For this reason, keeping the "n favorites" is necessary but a very successful work around would be to use a GM script that blocked displays of favorites. Unfavorite for metafilter.com by jepler works fine, but if you really want to do the whole The-Only-Way-To-Win-the-Game-Is-Not-To-Play, I've whipped up a modification of jepler's script called Destroy MetaFilter Favorites that blocks favorites entirely, so you can't add them or view them. It also blocks: popular, popular favorites, my favorites, recent favorites, and the "Favorites" and "Favorited By" links on user pages.

In my opinion, favorites aren't necessarily popularity votes, although they sometimes pan out that way. Instead, I think they're sort of like an EKG of a thread. If you use plutor's Thread Highlights script in heavily discussed forums, you'll see that the most favorited comments often represent the general consensus of the group on the topic being discussed, and in particular reactions to points made during the discusssion (for example, if someone makes a foolish argument, and is expertly chastised, that chastisement is usually well favorited). I like to go into a heavy thread with highlights on, and then trace the discussion backwards and outwards. Also, the well favorited are often the outstanding comments in the thread, as opposed to comments which simply 2nd someone else's comment. Favorites also help to avoid the "what s/he said" syndrome. There's been many times I've gone into a thread, seen someone has already posted what I was thinking, and simply favorited it and moved on.

The argument that people should comment rather than "vote" -- that somehow the existence of the favorite stifles dialogue because people can simply express their opinion by favoriting rather than explaining their point of view -- would really only be valid in a forum where we could vote someone down as well. "I think A." followed by "I think B, and here's why." is a lot more interesting than "I think A." followed by "I just came in here to agree with Person 1 that Aaaaaaaaa." For those of you who are despairing of MetaFilter's discourse, I invite you to compare with digg or youtube to see what else you could be dealing with.

Well, the founder and owner of the site is now on record as stating that favorites are an "easy way to spot the 'good stuff'". To me, that explains a lot about how favorites are currently implemented and treated by admins and the favoriting crowd.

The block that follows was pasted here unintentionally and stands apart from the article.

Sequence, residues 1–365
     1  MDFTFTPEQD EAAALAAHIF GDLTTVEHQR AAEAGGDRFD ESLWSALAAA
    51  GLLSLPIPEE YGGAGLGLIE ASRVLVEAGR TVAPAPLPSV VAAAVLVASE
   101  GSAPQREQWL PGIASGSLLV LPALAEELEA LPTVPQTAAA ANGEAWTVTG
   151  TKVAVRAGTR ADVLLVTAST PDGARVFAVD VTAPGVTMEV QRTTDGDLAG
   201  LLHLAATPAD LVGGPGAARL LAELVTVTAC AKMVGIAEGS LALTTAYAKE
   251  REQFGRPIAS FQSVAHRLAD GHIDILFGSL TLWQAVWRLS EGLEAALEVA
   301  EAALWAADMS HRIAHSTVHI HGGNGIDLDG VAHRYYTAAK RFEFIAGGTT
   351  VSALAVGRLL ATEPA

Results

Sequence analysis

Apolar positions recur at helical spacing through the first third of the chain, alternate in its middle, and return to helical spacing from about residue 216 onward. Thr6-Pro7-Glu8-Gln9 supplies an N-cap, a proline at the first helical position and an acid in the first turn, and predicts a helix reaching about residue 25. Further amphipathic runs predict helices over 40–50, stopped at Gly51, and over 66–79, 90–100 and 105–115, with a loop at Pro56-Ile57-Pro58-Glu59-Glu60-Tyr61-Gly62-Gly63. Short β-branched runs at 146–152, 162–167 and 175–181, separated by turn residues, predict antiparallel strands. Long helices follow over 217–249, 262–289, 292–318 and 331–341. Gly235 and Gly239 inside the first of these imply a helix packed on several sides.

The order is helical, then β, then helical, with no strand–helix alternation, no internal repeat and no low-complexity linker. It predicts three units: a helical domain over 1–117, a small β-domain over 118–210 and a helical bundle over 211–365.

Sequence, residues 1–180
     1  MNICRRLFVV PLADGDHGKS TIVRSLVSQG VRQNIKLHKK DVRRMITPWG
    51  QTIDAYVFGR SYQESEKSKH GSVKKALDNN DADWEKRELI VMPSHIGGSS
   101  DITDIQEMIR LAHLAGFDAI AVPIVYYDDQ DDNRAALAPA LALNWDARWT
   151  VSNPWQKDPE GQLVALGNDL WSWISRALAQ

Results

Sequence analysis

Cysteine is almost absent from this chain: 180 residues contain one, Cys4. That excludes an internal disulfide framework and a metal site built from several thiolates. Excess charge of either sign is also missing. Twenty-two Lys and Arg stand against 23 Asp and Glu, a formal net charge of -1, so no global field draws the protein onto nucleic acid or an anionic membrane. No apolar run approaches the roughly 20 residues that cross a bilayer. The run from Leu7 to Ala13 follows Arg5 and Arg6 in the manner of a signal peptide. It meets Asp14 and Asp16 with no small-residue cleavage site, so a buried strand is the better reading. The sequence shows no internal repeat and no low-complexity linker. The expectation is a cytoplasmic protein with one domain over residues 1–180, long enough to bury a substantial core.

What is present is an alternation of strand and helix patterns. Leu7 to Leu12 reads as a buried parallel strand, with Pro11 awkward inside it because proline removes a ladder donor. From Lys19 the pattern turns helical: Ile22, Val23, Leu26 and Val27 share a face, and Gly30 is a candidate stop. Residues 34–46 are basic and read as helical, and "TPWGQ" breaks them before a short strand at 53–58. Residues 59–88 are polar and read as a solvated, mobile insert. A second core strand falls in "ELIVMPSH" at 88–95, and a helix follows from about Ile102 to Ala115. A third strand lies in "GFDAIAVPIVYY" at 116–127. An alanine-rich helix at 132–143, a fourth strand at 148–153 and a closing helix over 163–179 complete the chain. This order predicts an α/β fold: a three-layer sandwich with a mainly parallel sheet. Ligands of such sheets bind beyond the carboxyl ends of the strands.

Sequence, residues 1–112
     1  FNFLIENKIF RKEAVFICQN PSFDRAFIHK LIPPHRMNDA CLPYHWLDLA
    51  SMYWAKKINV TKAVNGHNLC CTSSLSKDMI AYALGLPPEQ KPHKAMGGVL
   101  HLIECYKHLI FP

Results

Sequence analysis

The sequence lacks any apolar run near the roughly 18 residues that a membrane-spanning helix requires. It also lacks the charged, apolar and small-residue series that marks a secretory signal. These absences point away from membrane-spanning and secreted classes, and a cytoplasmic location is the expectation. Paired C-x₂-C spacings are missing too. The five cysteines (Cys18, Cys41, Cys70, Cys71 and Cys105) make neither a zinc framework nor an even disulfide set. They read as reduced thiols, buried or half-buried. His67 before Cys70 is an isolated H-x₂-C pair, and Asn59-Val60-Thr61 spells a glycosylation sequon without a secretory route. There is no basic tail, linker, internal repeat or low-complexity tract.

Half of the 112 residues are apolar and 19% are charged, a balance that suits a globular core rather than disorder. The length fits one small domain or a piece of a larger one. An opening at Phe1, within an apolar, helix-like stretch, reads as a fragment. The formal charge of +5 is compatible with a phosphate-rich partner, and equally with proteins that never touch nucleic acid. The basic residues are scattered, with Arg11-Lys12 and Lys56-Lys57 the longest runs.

Also? This is patently true. Favorites are an easy way to spot the good stuff. They are not the only way, maybe not the best way, but they are the easiest way. I suppose the "best" way would be to carefully read each comment in the thread, watching out for nuance, sarcasm, poignancy, and so on. If you don't have time, an easy way to find good stuff is looking for favorites. If you believe that the comments currently being favorited are not actually the "good stuff" in a thread, seems to me you have two options: wring your hands and complain about voting, or vote for the comments that you think are better.
posted by Deathalicious at 10:50 PM on June 15, 2009


La la la, they are just bookmarks, I can't hear you.
posted by smackfu at 10:52 PM on June 15, 2009 [1 favorite]


Also? This is patently true

No, it is not. Favorites are an easy way to spot the popular stuff.

For all its countercultural acclamations, many people here seem to believe "popular" and "good" are practically synonymous. Not all would agree.
posted by mdevore at 11:10 PM on June 15, 2009 [1 favorite]


No, it is not. Favorites are an easy way to spot the popular stuff.

Okay, you know what? Let's just nip this right in the bud: just because it is cool to say that a band you liked sucks as soon as people know about them, that does not mean it is necessarily true.

Popularity is not always a determinant of "goodness" (which is pretty subjective anyway), but why would something be popular if it were really crappy? or boring? or not good?

When I favorite something on MetaFilter, it is because I think it is good. Or because I want to read it again or in more detail (because it is good). Or because it made me laugh (which is good) or because it answered the question (which is good). I almost never favorite a comment because I have a crush on it, or because the comment is wearing designer clothing, or because it just tore into the school parking lot in a shiny red convertible.

Soooo....let's run over this again, shall we? Comments that are favorited a lot are comments that a lot of people liked (because they thought they were good). Therefore, an easy metric for comments that are good are comments that a lot of people favorited because they thought they were good. Q. E. FUCKING. D.

Now, it is entirely possible that a really favorited comment was, in fact, shitty. In which case, you glance at it, realize in horror that though it has many favorites, it is shitty shitty shitty, and so you simply stop reading it, and move the heck on.

Here are some other alternatives to "easy ways to find the 'good stuff'":
  • Pay someone in India or China $2/hour to read all the comments for you and highlight the best ones (but beware, they may miss pop references, slang, and sarcasm)